After you've chosen, it's time to start the game. Chieftain difficulty starts you out with a tutorial, which is especially nice for newcomers to the franchise, but a little annoying for longtime users. You can choose to end the tutorial after the first barrage of prompts if you so choose, but if you're new, keep it on for a while. In Chieftain, your starting location is chosen for you, but in later difficulties you will get to choose. We'll describe choosing city locations a little later, but for now, let's look at the base menu by pressing the R shoulder button.

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On the left side, from top to bottom, you have the option of 1) Building a unit (your army or Settlers) 2) Building Buildings (stuff that makes your city better at various tasks, or Wonders that can improve your entire civilization), 3) building roads 4) Rushing Production (pay x gold, and complete you build queue immediately) 5) Viewing your already build city buildings, and 6) Viewing the Wonders that that City has built. On the right side, from top to bottom, you have 6 options for resource gathering at that base, 1) A balanced focus (default, and what most beginners will use the entire game) 2) A focus on wealth, 3) a focus on food (and thus growth for that city) 4) a focus on production (churning out buildings and units faster) 5) a focus on research (finishing new technologies faster) or 6) you can hand choose each resource square you want to harvest.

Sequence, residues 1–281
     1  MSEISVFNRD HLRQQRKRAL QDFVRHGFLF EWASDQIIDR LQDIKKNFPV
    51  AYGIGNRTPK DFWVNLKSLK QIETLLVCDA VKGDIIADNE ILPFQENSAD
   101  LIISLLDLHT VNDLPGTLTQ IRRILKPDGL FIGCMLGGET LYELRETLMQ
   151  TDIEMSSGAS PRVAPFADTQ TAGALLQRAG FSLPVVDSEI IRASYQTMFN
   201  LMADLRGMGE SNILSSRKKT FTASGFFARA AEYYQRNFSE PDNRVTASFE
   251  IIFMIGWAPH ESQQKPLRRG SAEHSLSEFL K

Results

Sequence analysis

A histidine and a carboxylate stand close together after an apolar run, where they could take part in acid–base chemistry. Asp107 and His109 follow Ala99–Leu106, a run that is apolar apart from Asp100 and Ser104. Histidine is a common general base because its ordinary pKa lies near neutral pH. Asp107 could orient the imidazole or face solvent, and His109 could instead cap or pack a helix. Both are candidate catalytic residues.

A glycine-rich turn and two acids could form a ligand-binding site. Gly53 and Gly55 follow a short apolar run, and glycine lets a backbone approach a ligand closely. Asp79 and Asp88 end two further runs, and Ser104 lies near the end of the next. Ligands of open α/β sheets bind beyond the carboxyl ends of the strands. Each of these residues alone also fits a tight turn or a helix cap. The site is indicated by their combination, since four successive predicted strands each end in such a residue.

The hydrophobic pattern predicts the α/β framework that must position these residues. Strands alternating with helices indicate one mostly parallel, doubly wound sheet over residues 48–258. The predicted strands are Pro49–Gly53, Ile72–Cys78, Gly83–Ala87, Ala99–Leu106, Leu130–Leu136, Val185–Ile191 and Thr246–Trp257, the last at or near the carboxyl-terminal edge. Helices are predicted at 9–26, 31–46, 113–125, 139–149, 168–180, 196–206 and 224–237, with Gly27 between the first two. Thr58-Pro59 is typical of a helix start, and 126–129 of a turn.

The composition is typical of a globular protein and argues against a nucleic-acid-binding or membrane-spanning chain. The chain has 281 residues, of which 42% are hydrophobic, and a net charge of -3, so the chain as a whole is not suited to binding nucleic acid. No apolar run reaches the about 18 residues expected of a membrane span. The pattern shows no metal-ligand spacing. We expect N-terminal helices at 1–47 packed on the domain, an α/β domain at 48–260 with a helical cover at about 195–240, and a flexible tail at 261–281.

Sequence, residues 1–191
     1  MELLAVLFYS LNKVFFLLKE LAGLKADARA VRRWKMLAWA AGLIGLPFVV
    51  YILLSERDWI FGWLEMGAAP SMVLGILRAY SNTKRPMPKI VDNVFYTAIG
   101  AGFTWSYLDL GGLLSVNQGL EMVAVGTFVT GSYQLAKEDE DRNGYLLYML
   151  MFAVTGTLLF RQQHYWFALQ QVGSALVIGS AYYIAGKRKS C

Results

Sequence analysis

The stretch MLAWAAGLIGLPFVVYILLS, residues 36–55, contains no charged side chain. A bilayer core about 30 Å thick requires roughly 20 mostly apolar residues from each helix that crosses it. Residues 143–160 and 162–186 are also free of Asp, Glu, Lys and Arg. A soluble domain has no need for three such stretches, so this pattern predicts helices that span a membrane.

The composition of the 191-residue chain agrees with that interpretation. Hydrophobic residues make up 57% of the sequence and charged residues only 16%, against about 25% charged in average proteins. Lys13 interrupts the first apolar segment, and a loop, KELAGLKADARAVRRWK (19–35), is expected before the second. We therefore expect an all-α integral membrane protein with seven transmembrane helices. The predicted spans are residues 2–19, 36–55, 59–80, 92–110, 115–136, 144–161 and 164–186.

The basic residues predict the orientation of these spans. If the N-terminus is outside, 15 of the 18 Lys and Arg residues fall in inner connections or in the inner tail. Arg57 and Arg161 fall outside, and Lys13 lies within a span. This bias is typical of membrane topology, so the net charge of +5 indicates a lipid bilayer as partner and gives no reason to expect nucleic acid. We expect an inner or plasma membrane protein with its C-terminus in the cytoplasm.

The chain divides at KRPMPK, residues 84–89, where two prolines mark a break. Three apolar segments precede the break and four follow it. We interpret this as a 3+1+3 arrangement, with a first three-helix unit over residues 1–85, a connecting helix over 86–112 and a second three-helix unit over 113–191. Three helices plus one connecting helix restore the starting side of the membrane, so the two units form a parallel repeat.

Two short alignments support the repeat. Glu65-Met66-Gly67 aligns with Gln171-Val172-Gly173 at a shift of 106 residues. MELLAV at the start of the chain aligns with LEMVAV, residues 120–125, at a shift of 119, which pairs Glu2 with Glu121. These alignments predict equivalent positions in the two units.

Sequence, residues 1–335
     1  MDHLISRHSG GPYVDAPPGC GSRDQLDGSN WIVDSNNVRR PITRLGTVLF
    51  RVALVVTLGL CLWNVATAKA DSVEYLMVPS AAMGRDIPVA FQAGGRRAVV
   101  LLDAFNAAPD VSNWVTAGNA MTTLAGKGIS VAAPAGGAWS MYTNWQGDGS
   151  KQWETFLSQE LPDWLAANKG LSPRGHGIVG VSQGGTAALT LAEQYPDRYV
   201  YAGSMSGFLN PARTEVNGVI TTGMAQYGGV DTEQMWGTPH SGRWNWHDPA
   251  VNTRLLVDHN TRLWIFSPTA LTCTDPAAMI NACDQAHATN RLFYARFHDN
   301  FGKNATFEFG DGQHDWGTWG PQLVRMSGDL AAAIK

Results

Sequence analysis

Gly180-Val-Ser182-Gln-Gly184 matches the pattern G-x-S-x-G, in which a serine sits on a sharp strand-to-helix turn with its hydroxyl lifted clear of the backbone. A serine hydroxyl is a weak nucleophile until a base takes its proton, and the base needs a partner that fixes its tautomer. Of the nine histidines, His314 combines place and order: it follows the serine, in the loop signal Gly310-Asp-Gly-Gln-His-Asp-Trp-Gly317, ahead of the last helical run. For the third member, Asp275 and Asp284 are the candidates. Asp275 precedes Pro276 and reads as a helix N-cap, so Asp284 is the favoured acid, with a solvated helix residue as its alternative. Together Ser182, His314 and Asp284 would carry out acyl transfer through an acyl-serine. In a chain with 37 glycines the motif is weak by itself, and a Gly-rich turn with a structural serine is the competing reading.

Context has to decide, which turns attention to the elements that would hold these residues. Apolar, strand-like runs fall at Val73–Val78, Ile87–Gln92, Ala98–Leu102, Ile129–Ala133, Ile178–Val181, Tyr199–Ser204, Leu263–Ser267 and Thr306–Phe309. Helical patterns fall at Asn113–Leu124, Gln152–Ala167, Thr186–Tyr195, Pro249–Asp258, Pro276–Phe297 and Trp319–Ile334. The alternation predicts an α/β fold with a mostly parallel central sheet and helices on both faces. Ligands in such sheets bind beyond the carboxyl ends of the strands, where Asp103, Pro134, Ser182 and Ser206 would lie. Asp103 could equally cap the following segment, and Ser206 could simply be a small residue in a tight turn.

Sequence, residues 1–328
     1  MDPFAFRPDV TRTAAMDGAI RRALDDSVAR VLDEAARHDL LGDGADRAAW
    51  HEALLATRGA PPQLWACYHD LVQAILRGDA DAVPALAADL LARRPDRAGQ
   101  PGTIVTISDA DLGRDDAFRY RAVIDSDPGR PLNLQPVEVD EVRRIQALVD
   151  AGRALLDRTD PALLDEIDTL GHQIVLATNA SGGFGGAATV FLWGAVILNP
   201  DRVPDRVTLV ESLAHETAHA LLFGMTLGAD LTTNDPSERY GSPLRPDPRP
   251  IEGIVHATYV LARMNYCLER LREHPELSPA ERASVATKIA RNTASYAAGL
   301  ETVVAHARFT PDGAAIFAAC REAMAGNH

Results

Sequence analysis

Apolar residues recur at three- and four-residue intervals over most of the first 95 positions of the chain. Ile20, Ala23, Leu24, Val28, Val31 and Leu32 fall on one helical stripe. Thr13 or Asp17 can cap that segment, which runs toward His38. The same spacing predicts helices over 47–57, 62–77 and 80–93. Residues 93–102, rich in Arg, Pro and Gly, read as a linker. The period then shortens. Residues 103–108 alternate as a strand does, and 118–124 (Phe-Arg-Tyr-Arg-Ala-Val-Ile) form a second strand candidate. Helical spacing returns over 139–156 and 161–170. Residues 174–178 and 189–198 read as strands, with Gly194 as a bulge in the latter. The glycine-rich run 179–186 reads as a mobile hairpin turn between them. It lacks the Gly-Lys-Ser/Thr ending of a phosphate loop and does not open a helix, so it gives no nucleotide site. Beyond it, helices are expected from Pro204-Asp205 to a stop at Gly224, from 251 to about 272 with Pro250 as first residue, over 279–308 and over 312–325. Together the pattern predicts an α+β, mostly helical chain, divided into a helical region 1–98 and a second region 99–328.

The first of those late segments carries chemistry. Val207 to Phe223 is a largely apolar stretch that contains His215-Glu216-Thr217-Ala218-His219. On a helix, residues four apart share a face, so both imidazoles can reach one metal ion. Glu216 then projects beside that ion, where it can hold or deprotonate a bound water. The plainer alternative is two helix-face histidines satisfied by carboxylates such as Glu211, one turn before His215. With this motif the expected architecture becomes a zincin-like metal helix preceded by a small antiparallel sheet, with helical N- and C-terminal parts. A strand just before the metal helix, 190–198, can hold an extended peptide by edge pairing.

What do you need to know about building in your city? Well right off the bat, you want to explore the map, so building a warrior first is a good idea. That warrior will also let you defend another base when you build your next one.

1.2 Taking Action
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Why do you want to explore? Well, when you start you can only see a certain area around you, the rest is covered by the "fog of war", so scouting helps in several ways. 1) You want to scout out locations for new bases. Different areas have different kinds of resources, and the more of the map you can see, the better a location you can get, and the faster you base will generate what you want to generate (wealth, production, science, food, etc). 2) The Civ Rev map is full of opportunities. By discovering a great river or great forest, you get free gold. By discovering a village (a peaceful non-civilization), you can trade tech with them (it's not really a trade, you find a village, they disappear, leave a resource behind, and give you things like gold or technology). By conquering barbarians (hostile non-civilizations) you can get gold and units AND increase the experience of your military units increasing your odds of victory in battle. 3) You want to know where the other civs are. You don't want to get attacked without being prepared, and knowing their location will allow you to trade with them. 4) Finally, there are relics (archaeological sites) in the game that each provide you with unique bonuses for whoever finds them first.